Since the project began in 2010 more than a hundred children have enrolled in education. A simple game of wheelchair basketball, with the support of some inspirational mentors, has changed these children’s future. Now that’s the power of sport.

Oscar – an inspiration

Oscar (pictured, centre) is a wheelchair basketball coach. He lost both his legs after a landmine exploded underneath his car in 2002 and has since become a mentor to young people on the project, proving that, whatever your ability, anything is possible.

Francis – found his confidence
Thanks to Oscar, and the power of sport, Francis 15, who suffers from epilepsy (pictured, right) found the confidence to convince his father to get the right medication for his illness. He no longer has seizures. “Sport helped me to become respectable to my family.”

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Freed from Guilt…

Motivation’s Sue Fry tells us why parent and carer training is so crucial in a country where disability still carries huge stigma.

“There are many beliefs in the developing world about disability – especially cerebral palsy. Many believe that somehow it’s the mother’s fault that her child is disabled, or that she has been bewitched. This can lead to feelings of shame and guilt.

Faced with social stigma, and an additional mouth to feed – one that is often seen as a drain on the family – women are often encouraged to abandon their child.

It is very hard to change a deep belief in witchcraft, but some women can be persuaded through testimonies from other mother or parents, who have learned to understand the medical explanations of disability.

Our parent-carer training is so important. By showing women that there are other people like them and by telling them the truth about the causes of disability they are freed from the guilt and the shame that often causes them to hide or neglect their child.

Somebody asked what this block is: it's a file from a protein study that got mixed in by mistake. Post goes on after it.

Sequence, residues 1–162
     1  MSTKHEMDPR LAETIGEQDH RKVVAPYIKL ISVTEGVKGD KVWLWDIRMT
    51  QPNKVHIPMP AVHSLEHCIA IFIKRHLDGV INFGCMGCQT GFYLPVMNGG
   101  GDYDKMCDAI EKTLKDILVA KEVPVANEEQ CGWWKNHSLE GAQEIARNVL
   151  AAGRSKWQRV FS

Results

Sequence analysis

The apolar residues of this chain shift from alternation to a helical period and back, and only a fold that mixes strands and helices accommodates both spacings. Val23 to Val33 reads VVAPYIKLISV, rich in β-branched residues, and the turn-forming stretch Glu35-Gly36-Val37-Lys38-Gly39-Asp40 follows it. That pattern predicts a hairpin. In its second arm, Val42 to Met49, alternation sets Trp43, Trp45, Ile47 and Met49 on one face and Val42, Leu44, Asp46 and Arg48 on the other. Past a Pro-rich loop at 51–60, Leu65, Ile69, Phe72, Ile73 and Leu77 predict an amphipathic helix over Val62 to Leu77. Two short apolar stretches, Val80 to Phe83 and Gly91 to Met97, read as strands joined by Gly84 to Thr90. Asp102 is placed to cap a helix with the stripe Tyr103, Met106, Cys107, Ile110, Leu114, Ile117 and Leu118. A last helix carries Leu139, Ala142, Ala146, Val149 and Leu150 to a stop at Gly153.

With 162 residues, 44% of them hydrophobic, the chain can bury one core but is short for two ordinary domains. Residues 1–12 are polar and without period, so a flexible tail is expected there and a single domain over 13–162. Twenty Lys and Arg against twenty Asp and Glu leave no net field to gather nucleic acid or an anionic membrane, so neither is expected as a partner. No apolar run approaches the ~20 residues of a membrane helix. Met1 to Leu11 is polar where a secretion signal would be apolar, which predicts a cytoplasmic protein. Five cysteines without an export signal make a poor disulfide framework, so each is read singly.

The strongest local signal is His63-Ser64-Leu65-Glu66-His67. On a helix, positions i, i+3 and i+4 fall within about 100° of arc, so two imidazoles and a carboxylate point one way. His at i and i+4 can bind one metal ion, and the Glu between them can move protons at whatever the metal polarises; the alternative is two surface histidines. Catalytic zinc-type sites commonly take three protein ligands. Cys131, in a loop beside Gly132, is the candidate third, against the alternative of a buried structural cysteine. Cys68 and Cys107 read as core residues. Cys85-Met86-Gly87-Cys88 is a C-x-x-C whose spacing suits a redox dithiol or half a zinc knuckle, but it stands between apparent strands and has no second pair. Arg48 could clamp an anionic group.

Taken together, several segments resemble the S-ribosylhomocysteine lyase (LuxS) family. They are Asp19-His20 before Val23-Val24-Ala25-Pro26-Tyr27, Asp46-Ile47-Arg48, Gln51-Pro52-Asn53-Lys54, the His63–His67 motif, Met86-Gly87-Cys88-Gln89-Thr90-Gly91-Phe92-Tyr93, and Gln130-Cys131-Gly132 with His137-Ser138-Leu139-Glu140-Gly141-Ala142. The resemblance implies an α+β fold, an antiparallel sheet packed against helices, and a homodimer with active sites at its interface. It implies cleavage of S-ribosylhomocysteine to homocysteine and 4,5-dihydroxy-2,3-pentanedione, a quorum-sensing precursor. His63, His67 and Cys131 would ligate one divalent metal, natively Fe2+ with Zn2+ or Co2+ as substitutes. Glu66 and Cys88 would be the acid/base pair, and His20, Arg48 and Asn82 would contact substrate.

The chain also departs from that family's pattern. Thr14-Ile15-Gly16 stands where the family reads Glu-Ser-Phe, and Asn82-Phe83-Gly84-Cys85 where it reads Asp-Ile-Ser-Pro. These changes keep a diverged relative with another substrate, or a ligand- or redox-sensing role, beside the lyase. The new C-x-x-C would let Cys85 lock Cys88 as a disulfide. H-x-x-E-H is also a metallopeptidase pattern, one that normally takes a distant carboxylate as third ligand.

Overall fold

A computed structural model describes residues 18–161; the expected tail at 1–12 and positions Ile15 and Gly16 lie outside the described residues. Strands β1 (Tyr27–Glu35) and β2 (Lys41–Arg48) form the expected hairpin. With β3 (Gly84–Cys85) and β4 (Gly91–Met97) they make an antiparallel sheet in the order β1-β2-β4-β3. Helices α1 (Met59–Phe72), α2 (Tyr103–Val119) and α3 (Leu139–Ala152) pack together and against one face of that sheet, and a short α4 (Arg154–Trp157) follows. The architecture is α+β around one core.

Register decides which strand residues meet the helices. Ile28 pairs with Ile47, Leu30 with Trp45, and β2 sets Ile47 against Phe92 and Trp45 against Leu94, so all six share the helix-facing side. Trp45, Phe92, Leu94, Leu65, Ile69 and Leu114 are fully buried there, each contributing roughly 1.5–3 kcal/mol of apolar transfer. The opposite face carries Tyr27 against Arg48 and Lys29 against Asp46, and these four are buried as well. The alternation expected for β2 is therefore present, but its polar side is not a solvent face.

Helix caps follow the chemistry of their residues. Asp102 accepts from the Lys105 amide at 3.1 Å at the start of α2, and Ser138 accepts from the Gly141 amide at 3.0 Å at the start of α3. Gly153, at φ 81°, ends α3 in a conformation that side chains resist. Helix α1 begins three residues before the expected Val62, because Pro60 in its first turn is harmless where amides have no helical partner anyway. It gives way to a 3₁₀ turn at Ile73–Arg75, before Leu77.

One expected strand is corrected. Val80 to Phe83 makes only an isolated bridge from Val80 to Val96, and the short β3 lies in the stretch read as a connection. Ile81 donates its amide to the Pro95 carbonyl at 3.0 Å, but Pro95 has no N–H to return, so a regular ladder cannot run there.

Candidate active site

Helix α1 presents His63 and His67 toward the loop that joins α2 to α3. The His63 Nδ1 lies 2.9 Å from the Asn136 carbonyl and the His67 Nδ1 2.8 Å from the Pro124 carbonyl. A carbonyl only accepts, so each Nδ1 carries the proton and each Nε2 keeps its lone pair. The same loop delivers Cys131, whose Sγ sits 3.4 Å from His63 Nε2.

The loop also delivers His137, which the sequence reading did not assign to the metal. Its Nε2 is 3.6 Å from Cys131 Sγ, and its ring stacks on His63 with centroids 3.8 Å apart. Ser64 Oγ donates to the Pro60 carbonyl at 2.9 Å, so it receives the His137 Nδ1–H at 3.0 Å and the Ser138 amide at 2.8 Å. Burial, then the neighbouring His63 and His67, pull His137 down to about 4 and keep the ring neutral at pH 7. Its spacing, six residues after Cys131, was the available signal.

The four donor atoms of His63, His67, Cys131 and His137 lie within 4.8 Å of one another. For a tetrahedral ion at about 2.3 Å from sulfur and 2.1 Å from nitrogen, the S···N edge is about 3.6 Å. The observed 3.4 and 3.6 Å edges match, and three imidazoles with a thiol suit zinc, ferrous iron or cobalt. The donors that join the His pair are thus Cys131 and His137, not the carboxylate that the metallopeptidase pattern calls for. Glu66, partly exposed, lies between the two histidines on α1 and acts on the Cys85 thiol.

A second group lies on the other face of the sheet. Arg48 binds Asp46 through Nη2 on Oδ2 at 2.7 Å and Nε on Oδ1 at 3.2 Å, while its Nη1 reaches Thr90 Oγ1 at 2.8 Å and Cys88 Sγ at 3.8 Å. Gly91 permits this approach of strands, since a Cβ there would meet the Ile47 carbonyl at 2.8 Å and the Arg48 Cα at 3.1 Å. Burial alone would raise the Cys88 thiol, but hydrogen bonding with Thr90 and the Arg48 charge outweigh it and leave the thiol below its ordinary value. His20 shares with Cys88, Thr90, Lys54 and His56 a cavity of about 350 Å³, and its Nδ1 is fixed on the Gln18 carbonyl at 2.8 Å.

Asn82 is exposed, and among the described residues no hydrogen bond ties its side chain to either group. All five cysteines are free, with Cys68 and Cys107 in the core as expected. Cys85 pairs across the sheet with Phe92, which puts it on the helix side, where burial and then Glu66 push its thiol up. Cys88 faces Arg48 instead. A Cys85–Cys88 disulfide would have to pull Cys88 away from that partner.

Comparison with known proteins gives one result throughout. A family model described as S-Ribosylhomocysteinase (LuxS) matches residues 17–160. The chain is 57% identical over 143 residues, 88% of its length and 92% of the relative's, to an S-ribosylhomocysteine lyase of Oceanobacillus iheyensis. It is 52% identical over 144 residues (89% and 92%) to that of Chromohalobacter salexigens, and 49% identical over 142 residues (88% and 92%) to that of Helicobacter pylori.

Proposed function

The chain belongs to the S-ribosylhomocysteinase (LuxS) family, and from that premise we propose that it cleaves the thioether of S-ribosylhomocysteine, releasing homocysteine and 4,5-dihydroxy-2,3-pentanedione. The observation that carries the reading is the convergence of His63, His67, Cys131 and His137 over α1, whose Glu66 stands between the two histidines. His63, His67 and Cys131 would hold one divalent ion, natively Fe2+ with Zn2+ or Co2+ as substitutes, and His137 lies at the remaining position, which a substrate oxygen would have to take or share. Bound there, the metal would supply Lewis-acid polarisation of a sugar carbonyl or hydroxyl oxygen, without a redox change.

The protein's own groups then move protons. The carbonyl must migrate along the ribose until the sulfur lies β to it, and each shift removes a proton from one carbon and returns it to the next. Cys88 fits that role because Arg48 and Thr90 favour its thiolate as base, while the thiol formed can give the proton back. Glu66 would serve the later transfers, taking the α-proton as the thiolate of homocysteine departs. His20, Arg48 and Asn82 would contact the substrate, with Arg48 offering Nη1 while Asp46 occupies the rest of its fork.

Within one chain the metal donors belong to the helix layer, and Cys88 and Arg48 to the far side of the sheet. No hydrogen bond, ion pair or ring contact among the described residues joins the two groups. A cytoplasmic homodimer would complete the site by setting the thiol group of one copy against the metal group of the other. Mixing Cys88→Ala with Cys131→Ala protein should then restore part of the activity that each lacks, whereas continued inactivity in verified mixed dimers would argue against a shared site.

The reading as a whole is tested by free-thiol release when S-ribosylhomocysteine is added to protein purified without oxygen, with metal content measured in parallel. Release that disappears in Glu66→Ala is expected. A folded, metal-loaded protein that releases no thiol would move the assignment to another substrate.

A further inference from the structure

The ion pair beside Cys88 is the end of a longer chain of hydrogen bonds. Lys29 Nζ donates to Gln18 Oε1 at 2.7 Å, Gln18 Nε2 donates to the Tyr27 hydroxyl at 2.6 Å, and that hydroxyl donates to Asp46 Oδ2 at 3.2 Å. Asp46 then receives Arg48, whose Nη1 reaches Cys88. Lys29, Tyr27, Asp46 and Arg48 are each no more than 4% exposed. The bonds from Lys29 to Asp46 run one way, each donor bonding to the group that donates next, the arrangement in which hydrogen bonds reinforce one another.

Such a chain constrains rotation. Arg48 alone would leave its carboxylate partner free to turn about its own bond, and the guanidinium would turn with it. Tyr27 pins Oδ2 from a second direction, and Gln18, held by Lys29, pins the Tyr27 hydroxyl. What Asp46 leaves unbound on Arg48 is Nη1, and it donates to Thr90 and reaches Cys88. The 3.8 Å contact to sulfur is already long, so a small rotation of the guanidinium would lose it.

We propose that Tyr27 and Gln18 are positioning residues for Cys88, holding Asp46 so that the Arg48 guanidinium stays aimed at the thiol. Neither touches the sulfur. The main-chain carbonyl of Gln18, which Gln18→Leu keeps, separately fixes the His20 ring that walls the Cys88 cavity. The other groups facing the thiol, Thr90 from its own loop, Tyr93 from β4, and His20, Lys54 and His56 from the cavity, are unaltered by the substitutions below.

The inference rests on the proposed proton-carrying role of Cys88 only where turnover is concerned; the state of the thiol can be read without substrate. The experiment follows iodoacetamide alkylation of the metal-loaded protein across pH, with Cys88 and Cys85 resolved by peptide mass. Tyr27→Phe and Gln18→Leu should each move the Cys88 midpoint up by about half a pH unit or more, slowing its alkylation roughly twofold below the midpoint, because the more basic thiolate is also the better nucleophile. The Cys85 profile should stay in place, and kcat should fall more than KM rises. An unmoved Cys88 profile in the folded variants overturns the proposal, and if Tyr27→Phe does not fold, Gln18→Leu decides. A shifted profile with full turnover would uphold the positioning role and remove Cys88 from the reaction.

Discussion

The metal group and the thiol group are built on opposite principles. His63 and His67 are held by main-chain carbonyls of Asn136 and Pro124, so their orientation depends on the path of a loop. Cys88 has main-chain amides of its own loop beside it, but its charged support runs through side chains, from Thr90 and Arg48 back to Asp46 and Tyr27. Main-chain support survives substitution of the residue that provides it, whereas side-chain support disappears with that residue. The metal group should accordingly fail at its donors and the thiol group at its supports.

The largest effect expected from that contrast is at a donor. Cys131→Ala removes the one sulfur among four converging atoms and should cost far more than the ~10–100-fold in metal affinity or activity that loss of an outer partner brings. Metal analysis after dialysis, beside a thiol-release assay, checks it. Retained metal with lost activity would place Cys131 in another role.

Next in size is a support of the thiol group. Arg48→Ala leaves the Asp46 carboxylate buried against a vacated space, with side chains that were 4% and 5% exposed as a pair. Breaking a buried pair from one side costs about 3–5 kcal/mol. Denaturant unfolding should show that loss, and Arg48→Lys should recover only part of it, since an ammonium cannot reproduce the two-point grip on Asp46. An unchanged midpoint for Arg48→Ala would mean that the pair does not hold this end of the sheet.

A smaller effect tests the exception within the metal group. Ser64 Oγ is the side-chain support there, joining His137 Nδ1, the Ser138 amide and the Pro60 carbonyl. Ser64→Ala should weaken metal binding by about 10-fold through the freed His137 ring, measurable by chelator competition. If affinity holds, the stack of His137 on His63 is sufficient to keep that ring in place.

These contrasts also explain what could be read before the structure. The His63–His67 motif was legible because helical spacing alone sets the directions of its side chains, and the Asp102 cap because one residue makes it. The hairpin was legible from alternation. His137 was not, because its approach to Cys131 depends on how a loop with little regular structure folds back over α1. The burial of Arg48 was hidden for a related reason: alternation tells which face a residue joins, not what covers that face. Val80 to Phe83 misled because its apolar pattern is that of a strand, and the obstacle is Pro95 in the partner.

Many of these children are neglected because caregivers just don’t know where to start with looking after them. Women can be left to cope alone, as husbands leave the family home, blaming their wives for their child’s disability.

“The fathers say it’s not his… men go to the hospital and say ‘You take your child, I don’t have money for such a child.’ ‘That one is hopeless.’ ‘There is no hope for that one’” Hellen, Uganda.

Hellen is just one of the women who these groups have been able to reach. Her daughter Favour is now 8 years old and doing extremely well. Hellen benefited so much from the training, she decided to become a trainer herself, helping others to see the potential in their children.

After just one session, parents feel empowered learning and sharing from fellow parents in the groups, who face the same problems as them.We show them simple techniques – like how to position their child correctly to avoid pressure sores, the best way to feed their child and how to encourage communication.

“I have learned to communicate with my child. I learn different ways of cleaning her. I learned different ways of feeding her.” Hellen, Uganda

Many children have the ability to learn but can’t communicate and are not given the opportunity of an education. We’re working hard to change these attitudes.”

Just £27 pays for one module of parent-carer training. Please help us support more women, and give their children a brighter future. Thank you.

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Meet Milly; trainer, mother and inspiration

Parent/carer trainer Milly, Uganda“My name is Milly, I have two children and I have been working as a parent/carer trainer in Uganda for four years. In that time, I have helped over a hundred mothers and fathers to care for their disabled children, and that makes me feel proud. But, for me, it goes further than that. I understand what it means to have a disabled child because my oldest son, Ponsiano (who is now 15) developed cerebral palsy after he contracted malaria at eight months old. Initially, he could not sit up, was very floppy and couldn’t eat by himself. As a result, he was very weak and, by the age of six, weighed only five kilos.

I was told that my son would not survive so I started feeding him a range of foods such as green vegetables, porridge and pumpkin leaves to improve his health and help him gain weight. When I next took him to the hospital, he weighed 15 kilos. In spite of many set-backs – including being thrown out of our family home and having to take him out of school when other children pushed him over – we have made good progress. My son can now sit up unaided and can wash himself.”